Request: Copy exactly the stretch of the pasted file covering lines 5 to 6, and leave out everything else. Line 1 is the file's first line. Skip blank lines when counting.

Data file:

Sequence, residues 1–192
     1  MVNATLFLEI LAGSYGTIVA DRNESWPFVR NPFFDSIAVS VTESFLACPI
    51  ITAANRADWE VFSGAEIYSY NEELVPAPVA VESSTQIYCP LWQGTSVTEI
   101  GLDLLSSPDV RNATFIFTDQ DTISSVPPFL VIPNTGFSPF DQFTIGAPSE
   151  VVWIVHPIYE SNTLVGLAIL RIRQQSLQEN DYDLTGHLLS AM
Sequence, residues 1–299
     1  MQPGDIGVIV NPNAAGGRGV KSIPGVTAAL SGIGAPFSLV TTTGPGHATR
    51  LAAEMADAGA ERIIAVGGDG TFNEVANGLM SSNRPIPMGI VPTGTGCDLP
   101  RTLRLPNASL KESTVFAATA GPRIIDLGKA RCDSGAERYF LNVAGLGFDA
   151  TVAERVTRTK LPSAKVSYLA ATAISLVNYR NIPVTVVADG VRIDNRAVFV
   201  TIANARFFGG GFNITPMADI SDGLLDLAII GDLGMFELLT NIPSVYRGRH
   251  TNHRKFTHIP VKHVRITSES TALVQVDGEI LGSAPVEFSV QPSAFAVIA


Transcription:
   151  VVWIVHPIYE SNTLVGLAIL RIRQQSLQEN DYDLTGHLLS AM
Sequence, residues 1–299